A somewhat difficult book to read and to review, without giving too much away. The book is set in small town America and opens with the story of a teenager going to her first house party, invited by her crush. Things do not work out as anyone would have hoped, and there is an account of a harrowing, brutal rape which I found hard to read and almost gave up. However, I persevered. The victim, Jenny is given a drug treatment to erase the memories of this horrible attack, even though it will hinder police investigation of the crime, but it does not work well and memories begin to bubble up, causing much distress.
The next section is written like a case history, as a psychiatrist/psychotherapist gives his account of his treatment of Jenny and her family, and others who have suffered various trauma. Having worked in psychiatric and therapeutic settings, I felt very much at home with this, until events made me begin to question the professionalism and ethics of the psychiatrist.
The book throws up all sorts of questions and, as others have mentioned, would be rich pickings for a book club discussion: power in relationships, professional boundaries, the morality of removing troublesome memories of trauma as opposed to seeking to help trauma victims come to terms with what has happened to them and deal with triggers for PTSD are just some of them. Also, how far would you go to protect your child?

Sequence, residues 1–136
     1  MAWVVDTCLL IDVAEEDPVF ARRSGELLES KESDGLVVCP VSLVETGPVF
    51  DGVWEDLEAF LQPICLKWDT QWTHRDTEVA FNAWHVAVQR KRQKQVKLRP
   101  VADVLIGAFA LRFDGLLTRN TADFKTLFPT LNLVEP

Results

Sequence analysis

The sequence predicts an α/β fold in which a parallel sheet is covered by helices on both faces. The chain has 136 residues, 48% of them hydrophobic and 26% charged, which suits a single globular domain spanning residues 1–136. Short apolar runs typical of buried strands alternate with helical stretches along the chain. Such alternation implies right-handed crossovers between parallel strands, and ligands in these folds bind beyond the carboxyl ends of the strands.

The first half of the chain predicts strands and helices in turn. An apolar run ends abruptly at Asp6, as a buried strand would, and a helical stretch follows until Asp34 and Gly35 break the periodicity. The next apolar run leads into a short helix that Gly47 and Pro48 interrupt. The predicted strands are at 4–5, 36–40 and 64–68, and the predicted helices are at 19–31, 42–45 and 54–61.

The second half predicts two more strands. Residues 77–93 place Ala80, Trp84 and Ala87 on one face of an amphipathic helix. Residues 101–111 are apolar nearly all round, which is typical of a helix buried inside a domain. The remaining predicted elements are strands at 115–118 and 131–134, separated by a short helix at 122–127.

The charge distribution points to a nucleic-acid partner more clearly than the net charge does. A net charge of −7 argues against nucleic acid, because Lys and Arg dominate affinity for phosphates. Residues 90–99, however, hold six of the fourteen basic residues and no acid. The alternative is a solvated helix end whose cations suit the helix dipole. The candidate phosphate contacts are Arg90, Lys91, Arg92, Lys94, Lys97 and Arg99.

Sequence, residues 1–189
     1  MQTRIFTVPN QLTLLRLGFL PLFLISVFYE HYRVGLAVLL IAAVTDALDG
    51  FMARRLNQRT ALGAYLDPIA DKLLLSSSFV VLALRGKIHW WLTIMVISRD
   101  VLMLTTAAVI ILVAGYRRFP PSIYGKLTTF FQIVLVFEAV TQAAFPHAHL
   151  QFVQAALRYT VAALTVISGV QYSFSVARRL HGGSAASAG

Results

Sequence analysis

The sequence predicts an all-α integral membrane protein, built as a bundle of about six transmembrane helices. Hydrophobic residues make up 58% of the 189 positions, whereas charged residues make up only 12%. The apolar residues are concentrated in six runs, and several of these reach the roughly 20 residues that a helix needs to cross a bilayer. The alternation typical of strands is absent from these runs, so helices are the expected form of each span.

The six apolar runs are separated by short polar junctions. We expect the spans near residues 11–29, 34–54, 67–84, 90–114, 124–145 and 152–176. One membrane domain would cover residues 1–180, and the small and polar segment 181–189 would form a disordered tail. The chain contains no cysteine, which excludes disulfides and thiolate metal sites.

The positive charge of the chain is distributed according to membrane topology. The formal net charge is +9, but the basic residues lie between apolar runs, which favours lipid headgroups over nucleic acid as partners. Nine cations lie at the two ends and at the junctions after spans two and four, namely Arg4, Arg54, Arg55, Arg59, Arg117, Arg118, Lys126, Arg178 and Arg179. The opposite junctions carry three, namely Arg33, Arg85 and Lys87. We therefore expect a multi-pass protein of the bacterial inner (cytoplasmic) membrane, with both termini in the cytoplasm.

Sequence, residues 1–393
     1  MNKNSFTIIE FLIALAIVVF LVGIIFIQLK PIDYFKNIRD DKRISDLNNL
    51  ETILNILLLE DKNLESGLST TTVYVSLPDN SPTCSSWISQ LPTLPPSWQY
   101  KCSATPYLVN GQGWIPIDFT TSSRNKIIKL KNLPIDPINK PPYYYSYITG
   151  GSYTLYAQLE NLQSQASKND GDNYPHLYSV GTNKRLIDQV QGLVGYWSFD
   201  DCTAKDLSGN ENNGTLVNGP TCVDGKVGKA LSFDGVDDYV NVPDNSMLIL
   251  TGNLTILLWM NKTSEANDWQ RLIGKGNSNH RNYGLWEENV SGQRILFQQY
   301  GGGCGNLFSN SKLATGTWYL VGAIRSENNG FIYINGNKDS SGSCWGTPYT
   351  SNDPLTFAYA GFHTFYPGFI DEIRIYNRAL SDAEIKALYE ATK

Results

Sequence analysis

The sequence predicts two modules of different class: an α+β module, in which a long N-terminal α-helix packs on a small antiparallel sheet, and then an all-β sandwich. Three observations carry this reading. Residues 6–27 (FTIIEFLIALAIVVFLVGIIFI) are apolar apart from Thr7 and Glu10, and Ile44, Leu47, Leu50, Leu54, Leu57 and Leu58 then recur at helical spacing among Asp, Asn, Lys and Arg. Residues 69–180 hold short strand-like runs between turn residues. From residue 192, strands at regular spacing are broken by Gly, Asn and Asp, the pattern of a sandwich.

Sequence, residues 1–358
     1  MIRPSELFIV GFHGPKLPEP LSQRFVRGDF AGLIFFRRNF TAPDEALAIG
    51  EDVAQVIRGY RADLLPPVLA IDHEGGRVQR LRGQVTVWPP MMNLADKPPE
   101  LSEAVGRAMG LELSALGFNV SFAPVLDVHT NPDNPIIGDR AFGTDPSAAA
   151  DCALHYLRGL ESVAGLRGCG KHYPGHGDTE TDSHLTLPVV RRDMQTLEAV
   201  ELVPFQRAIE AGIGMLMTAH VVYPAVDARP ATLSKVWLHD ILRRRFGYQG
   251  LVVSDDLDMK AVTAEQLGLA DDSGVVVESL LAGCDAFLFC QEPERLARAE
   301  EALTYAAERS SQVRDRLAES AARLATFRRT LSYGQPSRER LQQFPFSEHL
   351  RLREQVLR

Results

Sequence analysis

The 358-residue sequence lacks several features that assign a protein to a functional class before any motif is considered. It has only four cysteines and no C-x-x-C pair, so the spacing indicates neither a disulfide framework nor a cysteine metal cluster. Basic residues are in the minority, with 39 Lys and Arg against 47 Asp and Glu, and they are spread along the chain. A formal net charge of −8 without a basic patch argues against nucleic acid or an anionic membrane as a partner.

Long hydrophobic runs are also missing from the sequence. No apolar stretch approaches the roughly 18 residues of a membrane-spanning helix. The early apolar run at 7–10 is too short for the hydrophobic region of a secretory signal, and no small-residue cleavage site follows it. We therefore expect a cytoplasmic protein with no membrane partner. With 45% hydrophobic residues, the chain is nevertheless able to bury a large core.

"Physician, heal thyself" seems pertinent, as does the famous Hippocratic oath, "First, do no harm." It is a thought provoking and good if (at times) difficult read. My final summation was Macchiavelli meets Lolita. It is a good psychological thriller that will keep the reader guessing. It is powerful stuff. You can buy yours in any good book store, or via this link.
Wendy Walker has worked as an attorney specialising in family law. She lives in Connecticut where she is at work on her next novel.
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